The value of inclusive and well-trained research teams is universally accepted as important for doing high-quality science, and the need for these types of teams in population health equity research is essential. To address these two health equity workforce issues together, we need to think more clearly about the composition of population health research teams. A focus on race and power dynamics in mentoring training is key, and there should be focused funding to support work that demonstrates what types of program components are most effective. The issue is capacity and the difficulty of achieving this. It is difficult for anyone to be able to do all of this well, from theory to methods, to data, and to building teams.

The development of programs to support these efforts almost always needs support and collaboration among institutional leadership, faculty, and staff, but programs can be initiated successfully by any of these groups. Several recent programs at my institution that focus on building a diversity of perspectives in mentorship and research capacity have come from the Dean’s office (the REACH initiative and the Propel program) or the Provost’s office (the IDEAL program), and these efforts have engaged with the faculty for support for sustainability and development. On the other hand, we have also seen success here with faculty-initiated programs (the AHEaD program) that have worked to integrate undergraduates interested in health equity work into faculty-led research teams.

In addition to thinking about bringing new people into health research, we need to think about keeping people in the workforce as well. Successful examples of this that could be broadened or replicated in population health include the NIH MOSAIC Program to build a diverse biomedical workforce and the NIH loan repayment program, both of which help with research support during the challenging transition time between graduate training and faculty positions. More fundamentally, NIH funding priorities have meant less funding for research topics of interest to diverse researchers in population health, with historically more funding going to biomedical research than to health disparity research, with impacts on the ability to have a stable research career in health equity research. Foundation funding for workforce development, for example, the Robert Wood Johnson Foundation’s Health Policy Research Scholars Program, has also been critical in meeting these gaps. These programs allow scholars to do work that is high risk and not typically rewarded within biomedical research funding, and to have the space and time to do this work.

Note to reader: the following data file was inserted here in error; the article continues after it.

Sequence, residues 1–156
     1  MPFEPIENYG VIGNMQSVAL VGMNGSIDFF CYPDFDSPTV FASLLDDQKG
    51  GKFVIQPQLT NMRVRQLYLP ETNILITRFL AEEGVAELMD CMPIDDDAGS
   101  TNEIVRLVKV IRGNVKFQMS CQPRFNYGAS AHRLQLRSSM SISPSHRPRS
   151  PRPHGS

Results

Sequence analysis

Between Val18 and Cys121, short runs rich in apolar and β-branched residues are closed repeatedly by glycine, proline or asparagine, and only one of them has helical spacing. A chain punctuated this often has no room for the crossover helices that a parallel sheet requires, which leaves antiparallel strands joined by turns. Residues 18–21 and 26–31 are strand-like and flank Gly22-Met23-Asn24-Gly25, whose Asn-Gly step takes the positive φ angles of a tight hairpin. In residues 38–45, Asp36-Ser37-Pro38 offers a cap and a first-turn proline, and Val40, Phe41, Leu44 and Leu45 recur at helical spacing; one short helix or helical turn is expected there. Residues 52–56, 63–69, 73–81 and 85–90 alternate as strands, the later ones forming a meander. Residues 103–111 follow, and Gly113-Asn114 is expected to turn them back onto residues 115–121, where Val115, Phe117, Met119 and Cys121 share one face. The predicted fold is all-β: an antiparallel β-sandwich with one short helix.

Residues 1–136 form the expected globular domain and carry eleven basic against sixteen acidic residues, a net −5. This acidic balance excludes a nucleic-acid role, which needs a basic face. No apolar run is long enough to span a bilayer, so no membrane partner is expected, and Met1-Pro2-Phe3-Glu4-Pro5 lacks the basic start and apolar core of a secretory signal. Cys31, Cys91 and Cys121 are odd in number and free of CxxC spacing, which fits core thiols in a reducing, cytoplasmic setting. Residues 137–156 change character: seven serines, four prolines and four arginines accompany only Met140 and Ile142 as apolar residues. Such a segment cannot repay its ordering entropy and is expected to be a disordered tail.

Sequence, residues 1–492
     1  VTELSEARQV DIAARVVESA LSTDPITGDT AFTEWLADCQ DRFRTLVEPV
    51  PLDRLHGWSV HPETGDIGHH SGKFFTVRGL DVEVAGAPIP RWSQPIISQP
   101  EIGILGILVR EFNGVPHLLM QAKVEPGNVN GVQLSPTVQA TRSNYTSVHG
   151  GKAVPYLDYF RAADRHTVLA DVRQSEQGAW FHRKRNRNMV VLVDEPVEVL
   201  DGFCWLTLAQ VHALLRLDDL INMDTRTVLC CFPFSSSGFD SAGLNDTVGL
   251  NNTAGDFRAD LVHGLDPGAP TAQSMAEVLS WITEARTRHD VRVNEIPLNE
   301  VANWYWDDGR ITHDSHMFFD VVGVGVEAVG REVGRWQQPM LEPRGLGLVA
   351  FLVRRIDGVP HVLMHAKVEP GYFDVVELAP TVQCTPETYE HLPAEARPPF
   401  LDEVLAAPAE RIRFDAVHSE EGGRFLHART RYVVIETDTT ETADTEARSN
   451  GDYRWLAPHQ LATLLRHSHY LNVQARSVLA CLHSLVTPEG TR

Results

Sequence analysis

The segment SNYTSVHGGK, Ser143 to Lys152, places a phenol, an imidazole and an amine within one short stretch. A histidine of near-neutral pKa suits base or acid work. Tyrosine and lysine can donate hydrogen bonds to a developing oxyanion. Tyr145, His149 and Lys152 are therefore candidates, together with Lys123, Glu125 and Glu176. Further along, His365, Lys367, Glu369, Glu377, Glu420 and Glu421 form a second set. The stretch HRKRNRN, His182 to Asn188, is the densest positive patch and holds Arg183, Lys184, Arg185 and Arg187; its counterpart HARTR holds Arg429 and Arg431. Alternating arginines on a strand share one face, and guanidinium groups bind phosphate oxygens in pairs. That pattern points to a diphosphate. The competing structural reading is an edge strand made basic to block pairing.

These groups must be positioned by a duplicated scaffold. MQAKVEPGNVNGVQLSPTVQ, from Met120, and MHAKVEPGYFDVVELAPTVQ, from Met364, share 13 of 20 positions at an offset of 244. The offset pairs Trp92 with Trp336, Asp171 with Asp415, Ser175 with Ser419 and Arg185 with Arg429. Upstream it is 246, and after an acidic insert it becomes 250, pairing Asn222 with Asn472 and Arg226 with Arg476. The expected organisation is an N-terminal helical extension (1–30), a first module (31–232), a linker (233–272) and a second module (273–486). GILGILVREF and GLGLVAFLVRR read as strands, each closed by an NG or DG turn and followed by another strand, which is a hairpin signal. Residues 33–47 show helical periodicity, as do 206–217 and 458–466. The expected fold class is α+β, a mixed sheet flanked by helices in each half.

Health equity research is challenging, and it takes time and great effort to bring people together. But I am very optimistic that this is not only worthwhile but critical for achieving health equity. There is much work to be done, and if we want equity at the center of social policy and health care policy changes and implementation, there just aren’t enough people in the health equity community right now to do that important work. But there are clear successful paths forward that we can learn from for changing that and building the research workforce that is needed for health equity.


I would like to thank members of the Social Policy and Aging Lab and Terrance R Mayes for feedback on this commentary.

Rehkopf, DH. Health Equity Research in Population Health: Building the Necessary Workforce. Milbank Quarterly Opinion. June 5, 2024.

About the Author

David Rehkopf is a social epidemiologist and Associate Professor at Stanford University in the Departments of Epidemiology and Population Health, Medicine, Pediatrics, Health Policy and Sociology. His research focuses on understanding the mechanisms and processes linking structural economic disadvantage over the life course with social inequities in health.